SAN FRANCISCO, May 07, 2018 (GLOBE NEWSWIRE) -- Nothing compares to the feeling of dread when you get out of a cab or train and realize you just left your phone behind, or you’re leaving a concert and realize your grandmother’s heirloom necklace is no longer around your neck, or your dog gets out the front door, and though you chase him as hard as you can, he outruns you until he’s out of sight.

You need LOFO, a new, free app for both iOS and Android smartphones. LOFO, short for “Lost and Found”, was created to make losing and finding items a fun and headache-free experience.  A key feature of the app is that users can post and search by geographic location, making it especially valuable to travelers.

“I’ve lost a few things over the years things that meant something to me, and there wasn't an effective platform to find them,” said Raelene Ohlson, LOFO’s co-founder. “With LOFO, you can put in the approximate location of the lost item, and you will see the 'lost' icon on a map. When people find something, they simply upload the found item, add the detail and the 'loser' will automatically be asked via push notifications to confirm their item is a match.  It’s that simple.”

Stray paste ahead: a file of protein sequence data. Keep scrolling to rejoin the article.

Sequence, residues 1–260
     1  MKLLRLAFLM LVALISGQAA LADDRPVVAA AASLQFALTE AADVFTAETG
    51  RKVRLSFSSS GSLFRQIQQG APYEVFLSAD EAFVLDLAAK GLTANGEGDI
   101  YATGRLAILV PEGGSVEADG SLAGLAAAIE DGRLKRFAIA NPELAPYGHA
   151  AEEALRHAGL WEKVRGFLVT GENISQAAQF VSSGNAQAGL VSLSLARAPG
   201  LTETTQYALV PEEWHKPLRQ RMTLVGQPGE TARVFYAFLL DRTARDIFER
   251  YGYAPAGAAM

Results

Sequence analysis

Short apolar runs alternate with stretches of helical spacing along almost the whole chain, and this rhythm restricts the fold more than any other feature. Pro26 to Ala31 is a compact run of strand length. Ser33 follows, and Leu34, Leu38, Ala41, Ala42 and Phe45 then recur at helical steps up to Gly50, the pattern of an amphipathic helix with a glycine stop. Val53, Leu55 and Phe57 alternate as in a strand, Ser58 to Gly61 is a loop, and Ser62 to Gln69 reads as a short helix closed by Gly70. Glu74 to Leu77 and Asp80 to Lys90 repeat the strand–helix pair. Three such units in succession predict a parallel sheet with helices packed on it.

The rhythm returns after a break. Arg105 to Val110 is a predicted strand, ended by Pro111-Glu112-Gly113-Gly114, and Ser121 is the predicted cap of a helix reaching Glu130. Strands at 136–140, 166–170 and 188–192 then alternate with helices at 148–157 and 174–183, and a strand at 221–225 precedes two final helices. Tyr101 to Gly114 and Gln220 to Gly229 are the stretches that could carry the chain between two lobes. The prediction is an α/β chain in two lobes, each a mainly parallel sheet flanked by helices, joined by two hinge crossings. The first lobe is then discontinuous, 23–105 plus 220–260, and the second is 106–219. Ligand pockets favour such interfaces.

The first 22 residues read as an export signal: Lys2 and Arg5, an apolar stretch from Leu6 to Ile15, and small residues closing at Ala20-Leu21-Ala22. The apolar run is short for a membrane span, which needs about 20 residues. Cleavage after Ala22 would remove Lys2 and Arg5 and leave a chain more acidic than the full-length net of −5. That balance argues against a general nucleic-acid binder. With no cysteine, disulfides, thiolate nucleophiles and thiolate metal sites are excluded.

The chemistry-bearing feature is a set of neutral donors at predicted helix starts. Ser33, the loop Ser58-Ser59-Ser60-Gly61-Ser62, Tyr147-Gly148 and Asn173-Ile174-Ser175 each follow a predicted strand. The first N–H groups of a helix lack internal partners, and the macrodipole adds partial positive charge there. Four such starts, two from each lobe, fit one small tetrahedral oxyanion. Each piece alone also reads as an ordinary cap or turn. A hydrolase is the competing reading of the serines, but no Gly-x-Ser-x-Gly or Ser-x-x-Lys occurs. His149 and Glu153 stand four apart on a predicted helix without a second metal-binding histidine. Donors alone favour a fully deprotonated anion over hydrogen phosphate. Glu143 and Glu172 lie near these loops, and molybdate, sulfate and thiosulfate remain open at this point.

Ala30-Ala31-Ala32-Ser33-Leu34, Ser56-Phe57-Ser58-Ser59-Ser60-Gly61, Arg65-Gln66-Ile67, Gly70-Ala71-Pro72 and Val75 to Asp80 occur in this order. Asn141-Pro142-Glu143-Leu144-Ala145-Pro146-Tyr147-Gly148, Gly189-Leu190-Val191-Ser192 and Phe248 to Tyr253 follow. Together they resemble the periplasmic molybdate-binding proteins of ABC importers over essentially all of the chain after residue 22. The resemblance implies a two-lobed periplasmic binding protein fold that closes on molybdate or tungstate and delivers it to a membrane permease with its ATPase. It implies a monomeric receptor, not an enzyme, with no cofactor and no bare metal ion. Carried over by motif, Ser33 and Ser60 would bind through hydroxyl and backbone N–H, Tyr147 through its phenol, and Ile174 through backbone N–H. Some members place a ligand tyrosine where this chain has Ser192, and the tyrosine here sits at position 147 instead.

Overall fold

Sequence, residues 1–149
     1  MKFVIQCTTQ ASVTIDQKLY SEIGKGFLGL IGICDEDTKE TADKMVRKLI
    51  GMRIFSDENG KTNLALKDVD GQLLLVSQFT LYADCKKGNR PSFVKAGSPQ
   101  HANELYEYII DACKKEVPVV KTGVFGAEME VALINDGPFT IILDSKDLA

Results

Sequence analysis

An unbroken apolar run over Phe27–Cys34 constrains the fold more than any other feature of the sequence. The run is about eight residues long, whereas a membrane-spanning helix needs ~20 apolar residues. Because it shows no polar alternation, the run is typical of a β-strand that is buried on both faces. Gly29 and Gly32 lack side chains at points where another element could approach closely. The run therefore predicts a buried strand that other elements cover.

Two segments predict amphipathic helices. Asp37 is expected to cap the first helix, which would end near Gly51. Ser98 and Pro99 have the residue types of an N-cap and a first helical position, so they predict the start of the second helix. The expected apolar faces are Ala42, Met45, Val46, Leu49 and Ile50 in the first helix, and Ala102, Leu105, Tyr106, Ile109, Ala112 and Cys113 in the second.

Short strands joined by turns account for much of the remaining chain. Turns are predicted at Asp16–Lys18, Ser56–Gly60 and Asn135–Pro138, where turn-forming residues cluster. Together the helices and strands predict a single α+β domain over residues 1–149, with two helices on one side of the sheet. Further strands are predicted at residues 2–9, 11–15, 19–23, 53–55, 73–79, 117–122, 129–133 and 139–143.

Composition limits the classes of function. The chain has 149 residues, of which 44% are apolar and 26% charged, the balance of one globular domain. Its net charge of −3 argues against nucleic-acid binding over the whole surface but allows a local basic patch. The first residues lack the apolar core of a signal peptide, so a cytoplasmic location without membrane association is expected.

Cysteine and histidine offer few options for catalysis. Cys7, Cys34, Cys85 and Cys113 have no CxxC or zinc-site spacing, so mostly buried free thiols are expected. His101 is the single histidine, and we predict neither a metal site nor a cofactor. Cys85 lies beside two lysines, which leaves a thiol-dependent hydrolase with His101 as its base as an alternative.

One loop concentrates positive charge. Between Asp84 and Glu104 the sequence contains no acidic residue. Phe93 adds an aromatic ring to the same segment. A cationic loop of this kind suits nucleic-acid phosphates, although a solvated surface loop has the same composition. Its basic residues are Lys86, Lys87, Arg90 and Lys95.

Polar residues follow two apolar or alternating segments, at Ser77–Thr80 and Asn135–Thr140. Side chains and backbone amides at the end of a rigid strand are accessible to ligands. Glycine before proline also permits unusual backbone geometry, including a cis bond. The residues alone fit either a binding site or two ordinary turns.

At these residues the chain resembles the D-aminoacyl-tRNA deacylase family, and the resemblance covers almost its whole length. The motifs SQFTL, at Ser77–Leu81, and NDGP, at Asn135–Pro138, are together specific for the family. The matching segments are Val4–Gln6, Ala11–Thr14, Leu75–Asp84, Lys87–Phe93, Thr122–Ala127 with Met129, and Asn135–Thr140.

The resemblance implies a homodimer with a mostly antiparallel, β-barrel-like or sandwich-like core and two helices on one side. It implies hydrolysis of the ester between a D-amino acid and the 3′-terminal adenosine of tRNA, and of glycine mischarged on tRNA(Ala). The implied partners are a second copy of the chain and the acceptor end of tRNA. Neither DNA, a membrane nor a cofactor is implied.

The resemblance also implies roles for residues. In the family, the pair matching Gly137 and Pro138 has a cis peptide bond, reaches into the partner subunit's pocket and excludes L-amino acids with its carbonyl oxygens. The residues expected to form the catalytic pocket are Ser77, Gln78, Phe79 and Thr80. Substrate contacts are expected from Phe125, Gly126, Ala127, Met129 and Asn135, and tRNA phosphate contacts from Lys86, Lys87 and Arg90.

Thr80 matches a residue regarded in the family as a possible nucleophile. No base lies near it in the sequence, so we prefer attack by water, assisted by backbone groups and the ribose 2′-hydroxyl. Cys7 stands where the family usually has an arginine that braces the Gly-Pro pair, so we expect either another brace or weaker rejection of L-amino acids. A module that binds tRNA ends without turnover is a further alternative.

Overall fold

The average person loses 1.24 items per year. In the United States, that means more than 1 million items are reported lost daily. The average price of the lost item is $220.15, meaning there are more than $240 million dollars per day in lost items, or $87.6 billion a year.

The app’s  main screen shows missing items that have rewards for their return, or have been paid to be “Bumped Up.” The Marketplace is where unclaimed items can be sold, with the option of donating the part or all proceeds to a charity of the seller’s choosing.

For more information, please visit http://www.lofo.global.

About LOFO
LOFO was conceptualized when CEO Scott Boocock's friend, co-founder Raelene Ohlson, lost a treasured ring on the beach. Frantic, she found a man with a metal detector on the shoreline, gave him her contact info and said a prayer that the ring might somehow be found — and that the man might still have her number. Around the same time, a sweet dog with hungry eyes and no identification tags wandered into Boocock’s office. There must be a better way of connecting items and animals to their rightful owner, they thought — and LOFO was born. Whether it's an engagement ring, a favorite pair of sunglasses, a pet, or a phone, it's their hope that LOFO will efficiently and painlessly reunite lost items with their owners.